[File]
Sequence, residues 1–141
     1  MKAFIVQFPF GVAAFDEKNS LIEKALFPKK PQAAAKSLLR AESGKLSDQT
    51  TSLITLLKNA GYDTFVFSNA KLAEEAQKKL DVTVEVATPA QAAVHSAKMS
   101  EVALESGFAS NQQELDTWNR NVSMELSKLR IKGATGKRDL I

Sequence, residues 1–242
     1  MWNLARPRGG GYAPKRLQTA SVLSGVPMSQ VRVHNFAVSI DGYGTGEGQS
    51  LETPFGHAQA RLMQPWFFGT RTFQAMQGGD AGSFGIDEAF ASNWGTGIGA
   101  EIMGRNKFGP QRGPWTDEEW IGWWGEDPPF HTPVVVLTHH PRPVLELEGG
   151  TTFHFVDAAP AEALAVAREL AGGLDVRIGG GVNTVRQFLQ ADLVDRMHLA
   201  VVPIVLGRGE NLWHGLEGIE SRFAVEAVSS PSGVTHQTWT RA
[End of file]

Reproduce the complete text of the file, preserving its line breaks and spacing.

Sequence, residues 1–141
     1  MKAFIVQFPF GVAAFDEKNS LIEKALFPKK PQAAAKSLLR AESGKLSDQT
    51  TSLITLLKNA GYDTFVFSNA KLAEEAQKKL DVTVEVATPA QAAVHSAKMS
   101  EVALESGFAS NQQELDTWNR NVSMELSKLR IKGATGKRDL I

Sequence, residues 1–242
     1  MWNLARPRGG GYAPKRLQTA SVLSGVPMSQ VRVHNFAVSI DGYGTGEGQS
    51  LETPFGHAQA RLMQPWFFGT RTFQAMQGGD AGSFGIDEAF ASNWGTGIGA
   101  EIMGRNKFGP QRGPWTDEEW IGWWGEDPPF HTPVVVLTHH PRPVLELEGG
   151  TTFHFVDAAP AEALAVAREL AGGLDVRIGG GVNTVRQFLQ ADLVDRMHLA
   201  VVPIVLGRGE NLWHGLEGIE SRFAVEAVSS PSGVTHQTWT RA